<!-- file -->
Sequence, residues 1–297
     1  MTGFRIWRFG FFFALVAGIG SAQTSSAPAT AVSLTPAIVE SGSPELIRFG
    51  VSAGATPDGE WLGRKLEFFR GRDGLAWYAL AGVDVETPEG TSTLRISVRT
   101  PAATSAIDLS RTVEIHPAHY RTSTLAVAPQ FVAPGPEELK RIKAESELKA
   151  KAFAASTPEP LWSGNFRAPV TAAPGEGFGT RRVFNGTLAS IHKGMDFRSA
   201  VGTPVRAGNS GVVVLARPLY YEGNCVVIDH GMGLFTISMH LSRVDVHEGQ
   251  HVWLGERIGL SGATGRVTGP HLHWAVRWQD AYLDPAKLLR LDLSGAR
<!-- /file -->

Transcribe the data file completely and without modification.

Sequence, residues 1–297
     1  MTGFRIWRFG FFFALVAGIG SAQTSSAPAT AVSLTPAIVE SGSPELIRFG
    51  VSAGATPDGE WLGRKLEFFR GRDGLAWYAL AGVDVETPEG TSTLRISVRT
   101  PAATSAIDLS RTVEIHPAHY RTSTLAVAPQ FVAPGPEELK RIKAESELKA
   151  KAFAASTPEP LWSGNFRAPV TAAPGEGFGT RRVFNGTLAS IHKGMDFRSA
   201  VGTPVRAGNS GVVVLARPLY YEGNCVVIDH GMGLFTISMH LSRVDVHEGQ
   251  HVWLGERIGL SGATGRVTGP HLHWAVRWQD AYLDPAKLLR LDLSGAR